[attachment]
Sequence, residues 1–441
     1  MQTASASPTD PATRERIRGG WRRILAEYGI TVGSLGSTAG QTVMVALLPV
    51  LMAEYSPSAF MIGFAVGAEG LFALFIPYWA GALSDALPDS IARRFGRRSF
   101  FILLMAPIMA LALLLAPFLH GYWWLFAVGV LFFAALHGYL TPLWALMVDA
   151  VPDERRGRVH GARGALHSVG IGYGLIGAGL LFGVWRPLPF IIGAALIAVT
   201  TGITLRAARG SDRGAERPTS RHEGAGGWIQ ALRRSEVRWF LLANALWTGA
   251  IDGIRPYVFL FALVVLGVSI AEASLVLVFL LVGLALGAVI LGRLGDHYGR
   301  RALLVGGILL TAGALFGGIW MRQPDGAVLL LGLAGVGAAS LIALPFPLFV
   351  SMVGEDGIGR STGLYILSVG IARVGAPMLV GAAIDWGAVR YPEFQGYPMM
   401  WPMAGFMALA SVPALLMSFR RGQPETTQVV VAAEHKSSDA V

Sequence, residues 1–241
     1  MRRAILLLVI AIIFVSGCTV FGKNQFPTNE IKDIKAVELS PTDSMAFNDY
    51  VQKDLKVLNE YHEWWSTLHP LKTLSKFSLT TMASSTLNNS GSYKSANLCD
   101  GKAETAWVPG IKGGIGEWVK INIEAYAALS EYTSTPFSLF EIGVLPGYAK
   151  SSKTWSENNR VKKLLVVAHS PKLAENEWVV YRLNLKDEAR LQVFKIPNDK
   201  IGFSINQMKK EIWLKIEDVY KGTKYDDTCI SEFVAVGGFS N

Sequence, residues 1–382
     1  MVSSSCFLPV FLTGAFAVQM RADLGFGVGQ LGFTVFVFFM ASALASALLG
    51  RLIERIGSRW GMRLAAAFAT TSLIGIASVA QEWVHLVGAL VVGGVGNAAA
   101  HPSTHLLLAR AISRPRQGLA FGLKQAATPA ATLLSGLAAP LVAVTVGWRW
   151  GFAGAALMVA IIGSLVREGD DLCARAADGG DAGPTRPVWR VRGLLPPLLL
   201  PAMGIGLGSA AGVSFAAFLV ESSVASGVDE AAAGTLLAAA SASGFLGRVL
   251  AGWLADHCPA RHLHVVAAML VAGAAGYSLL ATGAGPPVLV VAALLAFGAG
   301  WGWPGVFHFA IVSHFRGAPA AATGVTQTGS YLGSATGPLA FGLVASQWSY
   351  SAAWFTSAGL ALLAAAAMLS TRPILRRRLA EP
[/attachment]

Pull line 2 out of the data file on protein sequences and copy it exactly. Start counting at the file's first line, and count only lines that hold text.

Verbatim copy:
     1  MQTASASPTD PATRERIRGG WRRILAEYGI TVGSLGSTAG QTVMVALLPV